• Standover height. If you are a petite rider, you’ll have trouble with the standover height of a bike with 700c wheels. You might be more comfortable on a shorter bike with 26-inch wheels or even a step-through bike. 

Pros and Cons of 26″ Tires for Commuting 

If you are commuting on a beach cruiser, older mountain bike, or even a hybrid bike, you might already be using 26″ tires. There are some compelling reasons to use this type of tire and bike. 

  • Availability. If you are commuting in a developing nation, 26″ tires will be more readily available to you. You might also want to consider this if you will also use your commuting bike for bike touring or bikepacking in other countries. 
  • Wheel size. Smaller wheels might be lighter weight and accelerate more quickly. 
  • Maneuverability. Smaller wheels are more responsive and maneuverable when you need to respond to a situation quickly. For example, if you need to dart swiftly around a car door that opened into your lane, a 26-inch tire will react to your steering changes more quickly. 
  • Strength. The spokes of a 26-inch wheel are closer to the hub and much shorter. Shorter spokes make these wheels a little stronger. If you are a heavier rider, you might need sturdier, stronger wheels. 
  • Comfort. Wider, cushier tires will give you a more comfortable ride, which is great if you ride over bricks and cobbles, rough pavement, or other urban obstacles.  You can also run them with a little less tire pressure
  • Flat-resistant. 26-inch tires are typically a little heavier-weight than 700c, making them a little tougher and more resistant to flats. 

There are also some compelling reasons not to use 26-inch wheels. 

  • Availability. In regions with more modern bikes, 700c wheels are more common, and 26-inch wheels are getting harder to find, especially as bike manufacturers stop making bikes that use those tires.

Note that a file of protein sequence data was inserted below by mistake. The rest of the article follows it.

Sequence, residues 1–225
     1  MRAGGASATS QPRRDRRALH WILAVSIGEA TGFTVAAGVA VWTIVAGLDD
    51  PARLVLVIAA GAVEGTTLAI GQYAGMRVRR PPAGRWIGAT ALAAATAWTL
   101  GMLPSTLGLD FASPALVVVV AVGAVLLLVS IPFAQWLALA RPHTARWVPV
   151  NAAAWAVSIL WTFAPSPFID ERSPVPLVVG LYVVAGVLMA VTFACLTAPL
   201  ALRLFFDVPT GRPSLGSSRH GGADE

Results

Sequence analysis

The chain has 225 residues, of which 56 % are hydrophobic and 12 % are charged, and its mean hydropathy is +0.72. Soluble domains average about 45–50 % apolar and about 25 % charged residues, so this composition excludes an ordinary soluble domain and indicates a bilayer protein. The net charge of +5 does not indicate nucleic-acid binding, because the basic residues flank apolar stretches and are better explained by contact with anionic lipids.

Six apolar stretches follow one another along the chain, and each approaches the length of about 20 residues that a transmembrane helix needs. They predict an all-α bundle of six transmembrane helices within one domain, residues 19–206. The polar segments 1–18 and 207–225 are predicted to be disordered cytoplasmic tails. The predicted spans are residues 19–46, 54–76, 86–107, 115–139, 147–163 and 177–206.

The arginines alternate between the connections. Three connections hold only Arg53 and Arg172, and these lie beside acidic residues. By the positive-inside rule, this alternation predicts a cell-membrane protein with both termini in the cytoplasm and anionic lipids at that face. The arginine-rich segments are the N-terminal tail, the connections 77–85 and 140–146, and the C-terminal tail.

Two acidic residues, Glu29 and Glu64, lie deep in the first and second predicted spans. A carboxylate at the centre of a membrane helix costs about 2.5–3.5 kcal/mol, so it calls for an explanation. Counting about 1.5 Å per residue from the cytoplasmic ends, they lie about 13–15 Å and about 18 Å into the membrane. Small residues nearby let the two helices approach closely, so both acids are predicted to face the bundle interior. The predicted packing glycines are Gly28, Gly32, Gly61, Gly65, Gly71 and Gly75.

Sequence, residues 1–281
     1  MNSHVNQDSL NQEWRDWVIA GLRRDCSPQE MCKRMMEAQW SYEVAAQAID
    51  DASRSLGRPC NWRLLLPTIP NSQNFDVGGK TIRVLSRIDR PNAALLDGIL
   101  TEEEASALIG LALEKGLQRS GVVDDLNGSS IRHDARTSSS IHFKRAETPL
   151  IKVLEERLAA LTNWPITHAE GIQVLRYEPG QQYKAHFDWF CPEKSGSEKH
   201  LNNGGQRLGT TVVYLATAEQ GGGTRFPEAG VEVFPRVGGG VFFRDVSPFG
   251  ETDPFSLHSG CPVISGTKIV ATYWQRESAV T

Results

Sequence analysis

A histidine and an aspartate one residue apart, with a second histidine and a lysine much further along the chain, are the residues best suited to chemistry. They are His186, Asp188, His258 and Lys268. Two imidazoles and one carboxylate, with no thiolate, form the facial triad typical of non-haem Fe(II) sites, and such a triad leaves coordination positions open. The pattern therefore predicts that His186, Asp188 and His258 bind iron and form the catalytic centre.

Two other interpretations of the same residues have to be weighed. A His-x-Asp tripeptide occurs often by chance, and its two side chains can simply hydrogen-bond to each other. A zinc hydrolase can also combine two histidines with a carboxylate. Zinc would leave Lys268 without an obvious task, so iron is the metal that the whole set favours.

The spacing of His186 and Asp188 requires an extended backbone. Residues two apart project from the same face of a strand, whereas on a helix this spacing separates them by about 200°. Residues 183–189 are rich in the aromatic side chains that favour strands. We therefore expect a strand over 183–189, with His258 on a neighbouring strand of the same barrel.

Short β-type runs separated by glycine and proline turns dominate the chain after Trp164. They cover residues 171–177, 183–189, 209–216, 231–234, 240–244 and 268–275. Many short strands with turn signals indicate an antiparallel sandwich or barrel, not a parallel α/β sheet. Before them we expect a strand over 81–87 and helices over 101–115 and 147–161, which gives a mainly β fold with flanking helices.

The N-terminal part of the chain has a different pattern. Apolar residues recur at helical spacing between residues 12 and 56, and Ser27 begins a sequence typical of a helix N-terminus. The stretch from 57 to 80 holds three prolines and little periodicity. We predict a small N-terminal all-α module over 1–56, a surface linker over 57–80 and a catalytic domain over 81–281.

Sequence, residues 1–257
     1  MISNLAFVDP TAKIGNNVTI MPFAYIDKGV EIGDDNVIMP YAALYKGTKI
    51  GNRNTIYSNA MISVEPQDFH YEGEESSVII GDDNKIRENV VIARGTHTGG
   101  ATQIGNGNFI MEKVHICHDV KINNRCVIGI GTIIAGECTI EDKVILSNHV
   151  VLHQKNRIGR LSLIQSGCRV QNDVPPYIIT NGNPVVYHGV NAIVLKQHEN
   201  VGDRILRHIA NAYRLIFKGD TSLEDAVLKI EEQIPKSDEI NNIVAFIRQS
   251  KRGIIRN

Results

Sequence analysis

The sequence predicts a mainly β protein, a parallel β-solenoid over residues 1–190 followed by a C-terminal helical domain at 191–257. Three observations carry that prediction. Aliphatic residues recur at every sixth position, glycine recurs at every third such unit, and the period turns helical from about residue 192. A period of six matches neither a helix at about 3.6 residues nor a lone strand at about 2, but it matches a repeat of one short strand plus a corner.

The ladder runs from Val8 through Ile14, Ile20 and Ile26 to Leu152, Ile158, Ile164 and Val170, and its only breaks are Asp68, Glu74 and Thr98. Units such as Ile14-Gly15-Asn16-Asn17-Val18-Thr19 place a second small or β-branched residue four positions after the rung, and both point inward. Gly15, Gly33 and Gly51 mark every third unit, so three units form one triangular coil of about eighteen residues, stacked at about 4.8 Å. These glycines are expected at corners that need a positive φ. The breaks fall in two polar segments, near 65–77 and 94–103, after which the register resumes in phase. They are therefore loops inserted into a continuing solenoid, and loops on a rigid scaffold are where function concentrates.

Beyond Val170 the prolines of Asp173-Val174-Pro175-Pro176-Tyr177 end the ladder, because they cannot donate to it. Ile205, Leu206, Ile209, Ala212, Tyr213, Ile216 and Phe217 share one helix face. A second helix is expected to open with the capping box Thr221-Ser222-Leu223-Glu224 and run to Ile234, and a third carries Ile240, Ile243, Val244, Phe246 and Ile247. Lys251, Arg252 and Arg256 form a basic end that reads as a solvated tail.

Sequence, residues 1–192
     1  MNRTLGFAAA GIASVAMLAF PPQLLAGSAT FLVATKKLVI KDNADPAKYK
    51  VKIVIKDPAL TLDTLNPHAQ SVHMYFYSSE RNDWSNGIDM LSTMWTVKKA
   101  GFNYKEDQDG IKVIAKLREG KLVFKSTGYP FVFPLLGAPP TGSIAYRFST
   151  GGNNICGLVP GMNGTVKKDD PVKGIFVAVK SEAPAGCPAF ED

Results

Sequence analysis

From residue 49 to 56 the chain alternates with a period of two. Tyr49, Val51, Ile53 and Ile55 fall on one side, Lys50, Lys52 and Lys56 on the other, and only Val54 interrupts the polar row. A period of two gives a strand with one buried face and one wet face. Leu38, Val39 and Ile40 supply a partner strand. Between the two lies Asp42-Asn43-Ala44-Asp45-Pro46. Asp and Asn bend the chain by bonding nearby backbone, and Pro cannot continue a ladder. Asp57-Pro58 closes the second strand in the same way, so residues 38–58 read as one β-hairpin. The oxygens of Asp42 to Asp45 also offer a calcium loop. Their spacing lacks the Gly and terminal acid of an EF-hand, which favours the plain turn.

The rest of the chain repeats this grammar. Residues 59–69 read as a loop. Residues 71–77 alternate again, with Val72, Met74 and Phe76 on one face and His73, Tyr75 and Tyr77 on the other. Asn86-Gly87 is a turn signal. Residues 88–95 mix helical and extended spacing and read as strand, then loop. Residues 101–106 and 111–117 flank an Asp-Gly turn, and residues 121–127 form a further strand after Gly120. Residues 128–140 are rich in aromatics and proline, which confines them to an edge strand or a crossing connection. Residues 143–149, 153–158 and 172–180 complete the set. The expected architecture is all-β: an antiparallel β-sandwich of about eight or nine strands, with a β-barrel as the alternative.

• Speed. 26-inch wheels won’t ride as fast as their larger counterparts. Your overall speed will probably be lower on a 26-inch tire than a 700c, given that they are usually wider and have more rolling resistance than a skinny tire with high tire pressure.
  • Tire clearance. If you are riding a road bike, you won’t have the tire clearance needed to fit a 26-inch wheel. You’ll be limited by the size of the wheelbase and potentially by the rim brakes if you have them. 

Final Thoughts on 700c versus 26-inch Tires

If you already have your commuting bike, you are probably already locked into the type of tire it needs. But if you are in the market for a commuting bike, you can help decide which bike is best for you by understanding which type of tire is best for your commute. You’ll need to consider terrain, speed, tire clearance, strength, and of course, availability. 

Sam Benkoczy

Hi, I'm Sam. I own and maintain 6 e-bikes, 15 regular bikes (road bikes, folding bikes, hybrid bikes, city bikes among others). I learned about bikes from my local bike mechanic as well as from bike maintenance courses. I love being out there in the saddle, and using my bike as a practical means of transportation. You can also find me on my YouTube channel at youtube.com/bikecommuterhero Say hi to me at sam@bikecommuterhero.com.